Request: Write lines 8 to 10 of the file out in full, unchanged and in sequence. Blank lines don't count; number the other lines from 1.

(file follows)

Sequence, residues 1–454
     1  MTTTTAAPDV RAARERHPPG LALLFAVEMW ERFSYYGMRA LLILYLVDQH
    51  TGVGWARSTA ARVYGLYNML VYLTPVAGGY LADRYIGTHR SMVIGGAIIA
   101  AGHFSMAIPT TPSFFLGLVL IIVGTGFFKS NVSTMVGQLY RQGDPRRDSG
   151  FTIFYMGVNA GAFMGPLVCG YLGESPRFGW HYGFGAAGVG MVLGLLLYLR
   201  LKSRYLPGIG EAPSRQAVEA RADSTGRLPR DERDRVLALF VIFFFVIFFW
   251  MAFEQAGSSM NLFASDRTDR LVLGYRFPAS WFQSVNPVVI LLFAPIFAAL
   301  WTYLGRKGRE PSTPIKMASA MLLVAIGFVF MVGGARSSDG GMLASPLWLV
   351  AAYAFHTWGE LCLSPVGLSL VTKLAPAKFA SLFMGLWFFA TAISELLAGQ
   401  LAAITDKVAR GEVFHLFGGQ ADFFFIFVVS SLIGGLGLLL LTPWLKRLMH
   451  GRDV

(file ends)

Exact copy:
   301  WTYLGRKGRE PSTPIKMASA MLLVAIGFVF MVGGARSSDG GMLASPLWLV
   351  AAYAFHTWGE LCLSPVGLSL VTKLAPAKFA SLFMGLWFFA TAISELLAGQ
   401  LAAITDKVAR GEVFHLFGGQ ADFFFIFVVS SLIGGLGLLL LTPWLKRLMH